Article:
I also must add that a lot of people come to me trying to debate why their school (usually a non HBCU) was better, and of course that is why we have to back our alma mater up. There are some gung-ho’s but, I’d rather be debating with someone who has the full picture rather than what they read on HU from a Princeton Review fact sheet.

  2. Kristie says:

    Like any college Howard does not excel at every subject. As a person who decided to transfer from HU to a non-HBCU after changing my major I do not regret my choice. I respect Howard, and have realized the benefits of going (college family feeling, the people you meet, and endless amount of contacts). Would I ever go back? Possibly for their graduate programs like School of B, because the programs is top notch and I have talked to several happy graduates! It is important to choose a school that fits you and is best for your major and not simply, because you’re black and it’s just as black as you!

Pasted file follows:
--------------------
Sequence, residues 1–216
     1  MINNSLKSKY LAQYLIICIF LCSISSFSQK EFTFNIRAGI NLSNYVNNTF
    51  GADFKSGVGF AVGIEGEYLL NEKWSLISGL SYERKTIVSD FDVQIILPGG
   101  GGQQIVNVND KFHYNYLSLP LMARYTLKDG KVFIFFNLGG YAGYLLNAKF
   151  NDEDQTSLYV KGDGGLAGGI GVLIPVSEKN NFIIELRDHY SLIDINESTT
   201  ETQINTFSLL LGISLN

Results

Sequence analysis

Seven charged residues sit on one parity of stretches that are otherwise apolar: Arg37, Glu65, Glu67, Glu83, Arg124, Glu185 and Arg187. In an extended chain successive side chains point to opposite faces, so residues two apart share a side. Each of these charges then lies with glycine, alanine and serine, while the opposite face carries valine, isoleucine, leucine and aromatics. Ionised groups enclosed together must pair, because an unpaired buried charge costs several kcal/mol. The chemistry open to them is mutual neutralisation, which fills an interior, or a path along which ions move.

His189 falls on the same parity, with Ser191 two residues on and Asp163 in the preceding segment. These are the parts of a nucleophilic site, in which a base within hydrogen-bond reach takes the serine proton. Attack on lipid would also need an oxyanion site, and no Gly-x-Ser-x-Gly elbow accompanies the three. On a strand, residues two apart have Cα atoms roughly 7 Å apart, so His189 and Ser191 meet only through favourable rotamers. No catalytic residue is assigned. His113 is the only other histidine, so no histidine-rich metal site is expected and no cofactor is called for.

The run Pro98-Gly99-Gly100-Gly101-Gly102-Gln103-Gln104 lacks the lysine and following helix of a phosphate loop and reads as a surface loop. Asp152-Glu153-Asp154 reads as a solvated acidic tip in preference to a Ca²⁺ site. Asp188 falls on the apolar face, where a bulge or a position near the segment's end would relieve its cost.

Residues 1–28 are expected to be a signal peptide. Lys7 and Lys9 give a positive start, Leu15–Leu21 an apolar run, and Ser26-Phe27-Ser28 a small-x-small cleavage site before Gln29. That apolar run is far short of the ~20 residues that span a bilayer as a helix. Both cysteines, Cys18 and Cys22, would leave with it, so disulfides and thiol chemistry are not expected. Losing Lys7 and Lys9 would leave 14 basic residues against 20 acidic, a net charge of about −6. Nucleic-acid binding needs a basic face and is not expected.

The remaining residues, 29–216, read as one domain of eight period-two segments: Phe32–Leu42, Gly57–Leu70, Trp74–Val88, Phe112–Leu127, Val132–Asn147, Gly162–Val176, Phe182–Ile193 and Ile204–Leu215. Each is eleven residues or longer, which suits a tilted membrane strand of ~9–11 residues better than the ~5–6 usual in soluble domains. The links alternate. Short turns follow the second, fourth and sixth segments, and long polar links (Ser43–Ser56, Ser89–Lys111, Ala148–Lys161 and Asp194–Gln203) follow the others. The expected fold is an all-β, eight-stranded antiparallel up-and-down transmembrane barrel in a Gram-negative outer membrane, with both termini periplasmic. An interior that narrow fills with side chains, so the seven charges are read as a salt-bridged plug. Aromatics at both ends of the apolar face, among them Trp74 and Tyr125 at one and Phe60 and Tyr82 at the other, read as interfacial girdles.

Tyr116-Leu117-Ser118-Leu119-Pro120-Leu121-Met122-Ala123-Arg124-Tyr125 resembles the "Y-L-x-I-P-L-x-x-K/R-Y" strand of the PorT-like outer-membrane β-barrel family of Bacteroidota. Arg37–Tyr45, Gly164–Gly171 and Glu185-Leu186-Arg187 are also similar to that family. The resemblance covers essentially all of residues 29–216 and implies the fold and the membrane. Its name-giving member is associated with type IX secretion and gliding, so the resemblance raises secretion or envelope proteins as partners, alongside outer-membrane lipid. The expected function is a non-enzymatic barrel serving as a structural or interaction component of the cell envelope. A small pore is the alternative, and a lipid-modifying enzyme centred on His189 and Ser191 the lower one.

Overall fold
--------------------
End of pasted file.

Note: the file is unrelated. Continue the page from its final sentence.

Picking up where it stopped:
3. Alicia says:

    Please. I went to Howard and absolutely hated it! I thought that there was no way possible for that to occur, but apparently everyone has to go through the “Howard Experience.” That is what makes you or breaks you, especially if you are a transfer student. I transferred because Howard couldn’t give me the classes I needed, I could do without the unnecessary admin office drama, and get a quality education and fewer problems at another university. I can go to any other school in this country HBCU or not and still become and educated Black Woman. Get real. . . .

  4. James Morgan says:

    I love being a Howard Alumni! Class of 2011!!

  5. Dene says:

    Don’t forget about the Spelman and Morehouse grads. Many EBP tend to have passed through one of these top 3 (and will gladly sport bumper stickers or any paraphernalia they have. :) *puts on Splemna shirt*

  6. Kevin says:

    Lest we forget, many EBPs attended what have come to be known as PWIs. I appreciate the author of this particular posting for not making this a divisive issue. I grow so weary of the tireless debate with NEBPs who “attended” (Did you catch what happened there? Attended vs. Graduated from) a HBCU and still dispute the credibility of my “black college experience”.

    As a minor PS, I am quite in love with this site for its skillful wielding of satire to play off of the insecurities held by EBPs who still worry about acceptance by the broader community. Bravo!